The work of these first two years carried out by the members of FANs resulted in the publication (or the acceptance before the end of 2020) of:
- 11 articles in recognized international peer-reviewed journals, including Advances in Applied Mathematics, Discrete Applied Mathematics, Fundamenta Informaticae Information and Computation, Journal of Theoretical Biology, Natural Computing, Theoretical Computer Science;
- 8 papers in recognized international conferences with proceedings and program committee, including Cellular Automata and Discrete Complex Systems (AUTOMATA, 2020), Computability in Europe (CiE, 2019, 2020), Language and Automata Theory and Applications (LATA, 2021) , Theoretical Aspects of Computer Science (STACS, 2021), Theory and Applications of Models of Computation (TAMC, 2020), Theory and Practice of Computer Science (SOFSEM, 2021);
- the thesis of F. Bridoux.
The detailed list of these productions is available on the project website.

An increasing number of interaction systems is being understood as computational processes. At the foundation of these, interactions and dynamics do combine in a fascinating way. Our understanding of such processes sheds light on real interaction systems, omnipresent in physics, in biology, in daily life.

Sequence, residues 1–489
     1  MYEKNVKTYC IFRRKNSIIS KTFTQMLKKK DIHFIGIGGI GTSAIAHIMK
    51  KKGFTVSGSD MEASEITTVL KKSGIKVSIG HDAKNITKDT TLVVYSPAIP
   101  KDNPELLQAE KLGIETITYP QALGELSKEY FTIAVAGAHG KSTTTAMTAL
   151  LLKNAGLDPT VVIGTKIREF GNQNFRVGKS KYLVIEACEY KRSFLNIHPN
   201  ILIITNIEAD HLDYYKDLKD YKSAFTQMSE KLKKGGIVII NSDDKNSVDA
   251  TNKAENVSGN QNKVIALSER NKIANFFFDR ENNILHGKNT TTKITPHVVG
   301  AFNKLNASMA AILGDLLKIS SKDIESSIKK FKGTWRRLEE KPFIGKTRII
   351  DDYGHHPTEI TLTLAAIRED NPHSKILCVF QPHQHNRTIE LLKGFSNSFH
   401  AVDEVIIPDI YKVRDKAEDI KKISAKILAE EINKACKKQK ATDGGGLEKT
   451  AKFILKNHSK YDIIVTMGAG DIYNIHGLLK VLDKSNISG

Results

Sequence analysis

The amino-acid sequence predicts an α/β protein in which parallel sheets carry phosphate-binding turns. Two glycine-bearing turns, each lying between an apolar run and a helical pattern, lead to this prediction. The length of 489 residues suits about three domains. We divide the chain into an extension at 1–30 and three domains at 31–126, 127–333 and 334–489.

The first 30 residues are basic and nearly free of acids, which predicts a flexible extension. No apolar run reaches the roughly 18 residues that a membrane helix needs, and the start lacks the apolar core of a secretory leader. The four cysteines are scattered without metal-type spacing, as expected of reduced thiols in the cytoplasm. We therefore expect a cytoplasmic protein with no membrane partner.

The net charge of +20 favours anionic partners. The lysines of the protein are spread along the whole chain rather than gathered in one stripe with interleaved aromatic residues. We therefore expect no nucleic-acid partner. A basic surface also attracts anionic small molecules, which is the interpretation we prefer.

The objective of FANs is precisely to develop further our knowledge of automata networks (ANs), a reference abstract model for such systems, through fundamental and in-depth studies on the characteristics of computational processes that govern them. In other words, FANs aims at "augmenting the theory of ANs", via approaches from fundamental computer science. Our motivation comes from : 1) the fact that we think that fundamental computer science gives an appropriate framework for the study of such networks, 2) our interest for real life networks, which drives us to study AN per se rather than as a tool for modelling. Indeed, we are convinced that this constructive and innovative approach perfectly fits the objective of finding general laws, necessary for understanding real systems.